An updated American Cancer Society guideline says colorectal cancer screening should begin at age 45 for people at average risk, based in part on data showing rates of colorectal cancer are increasing in young and middle-aged populations.
The new recommended starting age is based on colorectal cancer (CRC) incidence rates, results from microsimulation modeling that demonstrate a favorable benefit-to-burden balance of screening beginning at age 45, and the expectation that screening will perform similarly in adults ages 45 to 49 as it does in adults for whom screening is currently recommended (50 and older). The updated recommendations are published early online in CA: A Cancer Journal for Clinicians, a peer-reviewed journal of the American Cancer Society.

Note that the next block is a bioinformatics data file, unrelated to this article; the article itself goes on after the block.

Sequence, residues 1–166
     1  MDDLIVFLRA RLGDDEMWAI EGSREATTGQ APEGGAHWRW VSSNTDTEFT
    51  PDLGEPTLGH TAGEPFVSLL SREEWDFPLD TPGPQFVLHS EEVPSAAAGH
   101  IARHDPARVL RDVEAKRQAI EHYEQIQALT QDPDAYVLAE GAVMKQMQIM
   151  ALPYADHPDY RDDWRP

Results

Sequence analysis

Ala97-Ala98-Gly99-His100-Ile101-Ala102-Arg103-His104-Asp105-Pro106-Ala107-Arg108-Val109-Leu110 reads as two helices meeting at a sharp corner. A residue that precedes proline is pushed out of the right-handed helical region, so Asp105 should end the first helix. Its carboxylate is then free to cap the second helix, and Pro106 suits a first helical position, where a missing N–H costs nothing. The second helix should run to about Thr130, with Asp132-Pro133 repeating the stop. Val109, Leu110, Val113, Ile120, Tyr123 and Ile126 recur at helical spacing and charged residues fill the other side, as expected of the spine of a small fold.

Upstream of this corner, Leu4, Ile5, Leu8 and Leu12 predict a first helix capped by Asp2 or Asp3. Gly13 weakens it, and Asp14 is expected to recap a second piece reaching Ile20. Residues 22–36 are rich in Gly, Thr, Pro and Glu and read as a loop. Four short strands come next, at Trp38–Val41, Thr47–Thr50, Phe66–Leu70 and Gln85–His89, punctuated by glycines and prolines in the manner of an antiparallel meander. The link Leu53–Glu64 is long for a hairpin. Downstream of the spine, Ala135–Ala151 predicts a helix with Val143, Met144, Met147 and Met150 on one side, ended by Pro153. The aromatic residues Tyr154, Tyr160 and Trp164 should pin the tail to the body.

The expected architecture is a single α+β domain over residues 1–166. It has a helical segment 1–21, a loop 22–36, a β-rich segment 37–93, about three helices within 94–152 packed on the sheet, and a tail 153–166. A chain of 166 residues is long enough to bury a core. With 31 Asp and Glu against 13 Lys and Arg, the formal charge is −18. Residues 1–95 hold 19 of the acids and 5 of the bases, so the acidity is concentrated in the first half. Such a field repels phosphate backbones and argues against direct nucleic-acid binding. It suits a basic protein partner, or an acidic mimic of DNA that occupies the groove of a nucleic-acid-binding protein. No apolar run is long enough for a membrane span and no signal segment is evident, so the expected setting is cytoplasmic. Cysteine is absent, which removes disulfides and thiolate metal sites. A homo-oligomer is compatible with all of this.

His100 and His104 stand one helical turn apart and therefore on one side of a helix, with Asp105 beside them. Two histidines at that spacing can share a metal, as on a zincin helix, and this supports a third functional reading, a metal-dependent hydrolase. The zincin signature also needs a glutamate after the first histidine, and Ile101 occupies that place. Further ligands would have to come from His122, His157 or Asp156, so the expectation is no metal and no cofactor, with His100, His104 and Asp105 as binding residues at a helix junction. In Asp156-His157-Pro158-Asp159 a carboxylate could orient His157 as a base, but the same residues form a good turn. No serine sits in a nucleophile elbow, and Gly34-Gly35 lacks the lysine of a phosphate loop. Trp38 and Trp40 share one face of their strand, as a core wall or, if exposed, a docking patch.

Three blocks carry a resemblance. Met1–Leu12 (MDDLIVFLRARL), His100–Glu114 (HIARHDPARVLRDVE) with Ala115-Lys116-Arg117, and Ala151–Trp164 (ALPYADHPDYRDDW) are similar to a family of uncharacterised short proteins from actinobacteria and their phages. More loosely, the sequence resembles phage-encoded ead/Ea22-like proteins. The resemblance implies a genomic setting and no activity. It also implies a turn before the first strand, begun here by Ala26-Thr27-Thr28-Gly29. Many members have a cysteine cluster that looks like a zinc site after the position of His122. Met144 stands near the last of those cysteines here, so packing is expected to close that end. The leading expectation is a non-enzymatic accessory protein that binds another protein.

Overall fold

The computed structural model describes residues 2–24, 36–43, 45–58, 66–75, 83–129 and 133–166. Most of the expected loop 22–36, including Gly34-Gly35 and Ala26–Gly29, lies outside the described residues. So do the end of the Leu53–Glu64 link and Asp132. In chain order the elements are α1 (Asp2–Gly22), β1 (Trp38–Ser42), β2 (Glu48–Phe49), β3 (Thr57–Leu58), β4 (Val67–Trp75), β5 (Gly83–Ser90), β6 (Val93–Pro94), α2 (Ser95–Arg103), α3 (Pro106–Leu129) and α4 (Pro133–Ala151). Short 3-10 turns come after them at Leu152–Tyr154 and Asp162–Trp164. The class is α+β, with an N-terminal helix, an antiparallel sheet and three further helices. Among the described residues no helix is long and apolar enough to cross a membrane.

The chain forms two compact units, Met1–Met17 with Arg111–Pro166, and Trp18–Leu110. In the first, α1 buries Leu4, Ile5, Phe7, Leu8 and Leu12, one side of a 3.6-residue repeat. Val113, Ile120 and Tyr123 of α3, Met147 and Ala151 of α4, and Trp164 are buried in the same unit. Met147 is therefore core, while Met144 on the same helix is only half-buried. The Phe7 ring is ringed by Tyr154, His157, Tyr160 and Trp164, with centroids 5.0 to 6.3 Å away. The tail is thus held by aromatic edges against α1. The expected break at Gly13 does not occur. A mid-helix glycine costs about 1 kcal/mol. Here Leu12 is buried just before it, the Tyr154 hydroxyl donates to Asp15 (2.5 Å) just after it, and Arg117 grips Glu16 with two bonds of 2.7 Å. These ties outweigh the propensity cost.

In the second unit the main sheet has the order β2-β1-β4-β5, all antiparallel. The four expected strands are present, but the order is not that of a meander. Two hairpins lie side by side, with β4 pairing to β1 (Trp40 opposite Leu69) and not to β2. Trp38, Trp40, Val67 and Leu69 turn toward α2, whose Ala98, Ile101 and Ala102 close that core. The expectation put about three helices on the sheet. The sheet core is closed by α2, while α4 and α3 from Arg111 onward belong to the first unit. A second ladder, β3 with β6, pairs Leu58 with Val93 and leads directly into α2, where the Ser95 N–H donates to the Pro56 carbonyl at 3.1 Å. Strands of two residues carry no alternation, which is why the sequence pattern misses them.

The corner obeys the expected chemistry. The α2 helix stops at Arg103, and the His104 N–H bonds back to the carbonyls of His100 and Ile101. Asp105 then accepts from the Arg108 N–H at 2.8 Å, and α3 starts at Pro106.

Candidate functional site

The American Cancer Society recommends:
Adults ages 45 and older with an average risk of colorectal cancer undergo regular screening with either a high-sensitivity stool-based test or a structural (visual) exam, depending on patient preference and test availability. The change in starting age is designated as a “qualified recommendation,” because there is less direct evidence of the balance of benefits and harms, or patients’ values and preferences, related to CRC screening in adults aged 45-49 since most studies have only included adults aged
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